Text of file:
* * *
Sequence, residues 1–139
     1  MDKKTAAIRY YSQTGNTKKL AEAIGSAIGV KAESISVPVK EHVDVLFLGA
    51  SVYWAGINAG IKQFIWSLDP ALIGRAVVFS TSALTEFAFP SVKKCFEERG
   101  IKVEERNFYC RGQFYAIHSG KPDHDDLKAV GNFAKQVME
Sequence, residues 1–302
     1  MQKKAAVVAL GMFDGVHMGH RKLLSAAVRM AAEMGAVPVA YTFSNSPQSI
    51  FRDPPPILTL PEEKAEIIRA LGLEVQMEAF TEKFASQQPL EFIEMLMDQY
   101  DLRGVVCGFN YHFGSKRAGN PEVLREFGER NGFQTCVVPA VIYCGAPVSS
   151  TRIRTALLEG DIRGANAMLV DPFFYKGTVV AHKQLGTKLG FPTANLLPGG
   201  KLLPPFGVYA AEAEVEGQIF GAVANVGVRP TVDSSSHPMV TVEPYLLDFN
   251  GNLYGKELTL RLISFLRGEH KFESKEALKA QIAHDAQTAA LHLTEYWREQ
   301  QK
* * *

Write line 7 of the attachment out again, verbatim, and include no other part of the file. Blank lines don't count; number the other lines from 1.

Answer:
    51  FRDPPPILTL PEEKAEIIRA LGLEVQMEAF TEKFASQQPL EFIEMLMDQY